This movie definitely isn't for everyone. People expecting another Dark Knight will be disappointed (or, as in my case, thrilled), as this movie is completely unique. People who want an action movie and don't want all that talking and thinking will be disappointed. But to those looking for a long, complicated, deeply moving epic that will really make them think about the very concepts of right, wrong, and heroism (and who haven't read the book, which based on other reviews seems to ruin it): Do NOT miss this movie!
*** This review may contain spoilers ***
An ex-superhero is thrown through a plate glass window, many stories
above the city. Was his murder somehow connected to the feared imminent
nuclear holocaust between the United States and Russia? Someone seems
to want the former do-gooders out of the way in this thrilling,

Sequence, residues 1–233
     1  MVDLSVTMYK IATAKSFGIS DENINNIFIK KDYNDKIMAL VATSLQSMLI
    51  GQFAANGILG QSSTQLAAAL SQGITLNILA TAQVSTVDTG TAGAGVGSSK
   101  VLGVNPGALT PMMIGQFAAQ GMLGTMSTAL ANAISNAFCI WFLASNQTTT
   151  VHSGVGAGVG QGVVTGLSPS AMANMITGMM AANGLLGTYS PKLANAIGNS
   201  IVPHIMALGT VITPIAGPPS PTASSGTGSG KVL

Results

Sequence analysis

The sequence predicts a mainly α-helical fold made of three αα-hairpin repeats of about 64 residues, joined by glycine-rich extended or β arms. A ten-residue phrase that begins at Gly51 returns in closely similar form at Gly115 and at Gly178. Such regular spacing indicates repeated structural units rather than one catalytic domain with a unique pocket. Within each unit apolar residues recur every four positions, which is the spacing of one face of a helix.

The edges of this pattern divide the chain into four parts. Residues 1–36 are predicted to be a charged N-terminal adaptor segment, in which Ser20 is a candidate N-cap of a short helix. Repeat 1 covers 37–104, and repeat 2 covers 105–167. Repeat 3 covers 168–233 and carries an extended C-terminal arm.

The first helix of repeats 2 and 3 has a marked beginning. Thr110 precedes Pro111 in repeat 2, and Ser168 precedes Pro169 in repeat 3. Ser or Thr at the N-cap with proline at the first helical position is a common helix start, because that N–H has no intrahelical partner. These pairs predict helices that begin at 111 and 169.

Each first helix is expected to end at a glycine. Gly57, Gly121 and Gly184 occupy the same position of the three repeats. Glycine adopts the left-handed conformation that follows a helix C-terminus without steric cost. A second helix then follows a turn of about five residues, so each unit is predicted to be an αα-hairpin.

one-of-a-kind, jaded look at superheroes that turns conventional
comic-book wisdom on its head.
It's an alternate 1985. Richard Nixon has been elected to a fifth presidential term. But the USSR is encroaching on Afghanistan, and the US isn't taking too kindly to it. Enter the smartest man in the world, Adrian Veidt (Matthew Goode), formerly known as superhero Ozymandias, who is working with the ethereal Dr. Manhattan (Billy Crudup), a physicist who has achieved immortality and near-omniscience owing to a long-ago lab mishap. With Dr. Manhattan's help, Adrian hopes to dissolve the tension between the two superpowers.
But that's not the only conflict, not by a long shot. Since the characters here are unfamiliar to most audiences, there's plenty of backstory, seamlessly edited into the main story as important details that inform the characters. (For one thing, we get to see the rather graphic - more on that later - origin of Dr. Manhattan.) The superheroes have conflict within their own group, which has gone its separate ways - with different goals and outlooks. Not only that, but the world at large isn't entirely on the side of masked avengers, labeling them as vigilantes. By the present, most of them have ditched their costumes for traditional lives; some tinker with their gadgets in their basements, in hiding, and some merely blend into society.